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Tuesday, July 20, 2010

Prevention makes for a healthier society

Many Americans today are not getting the check-ups that they need, and we know that focusing on early detection and prevention saves lives. So the White House, along with the Secretary of Health and Human Services, Kathleen Sebelius, are making an investment in preventive care.

This week, Michelle Obama, Jill Biden, and Kathleen Sebelius announced new regulations around prevention, which were made available as a result of health reform.

Under the Affordable Care Act, beginning on September 23, 2010, new private insurance plans are required to provide recommended preventive care without charging co-payments, deductibles, and other costs. The new rule covers a broad and deep array of services, but here are some of the highlights:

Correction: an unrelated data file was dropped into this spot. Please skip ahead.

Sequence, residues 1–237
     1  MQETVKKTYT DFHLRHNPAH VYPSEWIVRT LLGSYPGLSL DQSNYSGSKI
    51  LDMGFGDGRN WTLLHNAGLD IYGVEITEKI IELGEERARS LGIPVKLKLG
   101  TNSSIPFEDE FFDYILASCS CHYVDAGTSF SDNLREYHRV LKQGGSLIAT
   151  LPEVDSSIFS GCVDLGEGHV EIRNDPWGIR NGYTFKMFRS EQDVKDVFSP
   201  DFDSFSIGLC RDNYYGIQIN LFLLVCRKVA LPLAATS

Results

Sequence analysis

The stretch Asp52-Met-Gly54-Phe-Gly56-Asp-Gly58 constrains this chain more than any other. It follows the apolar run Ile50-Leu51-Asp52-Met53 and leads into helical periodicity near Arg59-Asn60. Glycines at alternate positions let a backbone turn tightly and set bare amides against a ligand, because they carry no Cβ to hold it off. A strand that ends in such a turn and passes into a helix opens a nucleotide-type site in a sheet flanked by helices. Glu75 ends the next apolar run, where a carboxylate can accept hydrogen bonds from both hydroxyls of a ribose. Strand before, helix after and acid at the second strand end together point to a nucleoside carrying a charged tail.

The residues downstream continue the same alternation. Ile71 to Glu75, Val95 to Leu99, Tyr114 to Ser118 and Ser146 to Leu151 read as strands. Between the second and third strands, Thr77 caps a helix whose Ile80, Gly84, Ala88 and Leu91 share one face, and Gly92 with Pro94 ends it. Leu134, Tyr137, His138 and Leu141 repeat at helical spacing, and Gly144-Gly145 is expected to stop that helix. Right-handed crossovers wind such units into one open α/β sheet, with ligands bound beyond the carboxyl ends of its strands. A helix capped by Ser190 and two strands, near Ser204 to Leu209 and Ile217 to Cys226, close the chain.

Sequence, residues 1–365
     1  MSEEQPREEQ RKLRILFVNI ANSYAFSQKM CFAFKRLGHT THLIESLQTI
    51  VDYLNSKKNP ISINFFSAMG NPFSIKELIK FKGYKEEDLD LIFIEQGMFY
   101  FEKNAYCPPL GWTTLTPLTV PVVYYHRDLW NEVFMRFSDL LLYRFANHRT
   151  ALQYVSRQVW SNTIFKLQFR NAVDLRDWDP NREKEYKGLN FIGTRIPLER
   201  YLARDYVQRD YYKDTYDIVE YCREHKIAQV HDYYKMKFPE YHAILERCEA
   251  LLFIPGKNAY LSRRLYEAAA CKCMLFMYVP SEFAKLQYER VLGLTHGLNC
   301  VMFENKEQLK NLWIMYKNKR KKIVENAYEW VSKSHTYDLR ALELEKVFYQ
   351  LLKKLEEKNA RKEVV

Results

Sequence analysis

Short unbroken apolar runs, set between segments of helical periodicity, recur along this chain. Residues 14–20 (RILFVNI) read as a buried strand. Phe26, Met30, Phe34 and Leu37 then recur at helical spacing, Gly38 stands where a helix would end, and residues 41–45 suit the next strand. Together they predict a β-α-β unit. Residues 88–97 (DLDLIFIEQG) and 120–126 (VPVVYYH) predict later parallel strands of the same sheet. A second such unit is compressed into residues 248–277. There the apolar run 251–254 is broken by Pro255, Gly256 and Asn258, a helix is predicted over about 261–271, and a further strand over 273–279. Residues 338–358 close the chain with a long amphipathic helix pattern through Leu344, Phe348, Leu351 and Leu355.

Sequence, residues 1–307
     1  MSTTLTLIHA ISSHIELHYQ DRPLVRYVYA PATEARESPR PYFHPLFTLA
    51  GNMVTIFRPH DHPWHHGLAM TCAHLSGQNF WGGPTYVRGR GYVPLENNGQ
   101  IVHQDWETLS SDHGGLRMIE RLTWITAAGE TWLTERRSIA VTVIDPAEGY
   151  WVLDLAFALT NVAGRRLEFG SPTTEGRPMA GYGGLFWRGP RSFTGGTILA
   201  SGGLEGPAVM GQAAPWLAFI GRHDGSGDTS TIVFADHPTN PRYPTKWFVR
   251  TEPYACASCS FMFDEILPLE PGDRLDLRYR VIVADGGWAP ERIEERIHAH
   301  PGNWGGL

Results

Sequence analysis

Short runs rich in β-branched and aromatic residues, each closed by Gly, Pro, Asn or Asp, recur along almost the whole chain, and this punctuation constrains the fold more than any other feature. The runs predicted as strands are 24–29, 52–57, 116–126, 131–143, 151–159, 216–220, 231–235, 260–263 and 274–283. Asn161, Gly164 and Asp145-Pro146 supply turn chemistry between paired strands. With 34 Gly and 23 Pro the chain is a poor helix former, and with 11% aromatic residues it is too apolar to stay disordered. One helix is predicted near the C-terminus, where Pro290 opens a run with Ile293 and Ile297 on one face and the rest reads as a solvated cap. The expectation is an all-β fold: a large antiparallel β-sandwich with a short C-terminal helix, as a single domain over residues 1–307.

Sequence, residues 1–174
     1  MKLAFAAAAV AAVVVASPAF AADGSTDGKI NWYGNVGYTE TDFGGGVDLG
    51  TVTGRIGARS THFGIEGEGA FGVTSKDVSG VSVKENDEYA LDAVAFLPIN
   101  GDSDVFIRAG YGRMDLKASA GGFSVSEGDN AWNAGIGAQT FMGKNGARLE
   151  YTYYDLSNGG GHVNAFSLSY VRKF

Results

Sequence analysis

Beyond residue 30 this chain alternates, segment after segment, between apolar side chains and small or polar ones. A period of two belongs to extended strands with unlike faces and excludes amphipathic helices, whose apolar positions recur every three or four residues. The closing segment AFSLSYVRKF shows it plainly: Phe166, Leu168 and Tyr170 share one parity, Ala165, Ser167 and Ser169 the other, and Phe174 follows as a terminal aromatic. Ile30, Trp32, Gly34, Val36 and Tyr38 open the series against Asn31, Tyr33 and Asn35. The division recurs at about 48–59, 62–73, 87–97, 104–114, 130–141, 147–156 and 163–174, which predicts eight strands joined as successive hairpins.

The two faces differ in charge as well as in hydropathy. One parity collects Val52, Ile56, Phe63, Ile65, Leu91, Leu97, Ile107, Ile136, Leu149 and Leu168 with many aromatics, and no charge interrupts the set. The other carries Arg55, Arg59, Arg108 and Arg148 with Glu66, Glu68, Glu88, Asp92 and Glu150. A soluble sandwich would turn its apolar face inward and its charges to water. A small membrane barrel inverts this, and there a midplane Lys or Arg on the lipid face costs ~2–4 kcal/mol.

• Blood pressure screenings

• Diabetes tests

• Cholesterol tests

• Cancer screenings including mammograms and colonoscopies

• Routine vaccinations with grade of "A" or "B" by the U.S. Preventive Services Task Force

• Prenatal care

• Well-baby and well-child visits

• Tobacco cessation

• Women’s health screenings

According to a New York Times article, the administration estimates that 41 million people are expected to benefit from the new prevention rules just next year.

Early prevention and screenings are important to ensuring greater health care outcomes in the long run. Focusing on prevention is the first step to creating a healthier society. To find more information on the new preventions regulations, visit HealthCare.gov.